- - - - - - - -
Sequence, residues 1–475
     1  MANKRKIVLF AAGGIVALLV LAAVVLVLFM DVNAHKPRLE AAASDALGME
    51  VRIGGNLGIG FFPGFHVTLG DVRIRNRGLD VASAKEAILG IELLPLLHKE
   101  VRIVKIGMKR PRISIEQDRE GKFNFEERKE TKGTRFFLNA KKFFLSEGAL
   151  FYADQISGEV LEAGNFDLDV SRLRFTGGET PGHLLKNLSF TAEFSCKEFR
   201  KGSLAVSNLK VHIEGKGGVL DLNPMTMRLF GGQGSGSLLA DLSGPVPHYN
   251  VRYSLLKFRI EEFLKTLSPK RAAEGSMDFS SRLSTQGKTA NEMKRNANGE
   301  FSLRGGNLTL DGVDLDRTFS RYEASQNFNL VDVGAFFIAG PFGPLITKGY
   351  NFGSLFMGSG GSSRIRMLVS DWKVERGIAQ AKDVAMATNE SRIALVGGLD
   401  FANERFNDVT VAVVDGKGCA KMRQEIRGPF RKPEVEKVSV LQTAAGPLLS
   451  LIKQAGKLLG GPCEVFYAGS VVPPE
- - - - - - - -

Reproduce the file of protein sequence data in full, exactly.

Sequence, residues 1–475
     1  MANKRKIVLF AAGGIVALLV LAAVVLVLFM DVNAHKPRLE AAASDALGME
    51  VRIGGNLGIG FFPGFHVTLG DVRIRNRGLD VASAKEAILG IELLPLLHKE
   101  VRIVKIGMKR PRISIEQDRE GKFNFEERKE TKGTRFFLNA KKFFLSEGAL
   151  FYADQISGEV LEAGNFDLDV SRLRFTGGET PGHLLKNLSF TAEFSCKEFR
   201  KGSLAVSNLK VHIEGKGGVL DLNPMTMRLF GGQGSGSLLA DLSGPVPHYN
   251  VRYSLLKFRI EEFLKTLSPK RAAEGSMDFS SRLSTQGKTA NEMKRNANGE
   301  FSLRGGNLTL DGVDLDRTFS RYEASQNFNL VDVGAFFIAG PFGPLITKGY
   351  NFGSLFMGSG GSSRIRMLVS DWKVERGIAQ AKDVAMATNE SRIALVGGLD
   401  FANERFNDVT VAVVDGKGCA KMRQEIRGPF RKPEVEKVSV LQTAAGPLLS
   451  LIKQAGKLLG GPCEVFYAGS VVPPE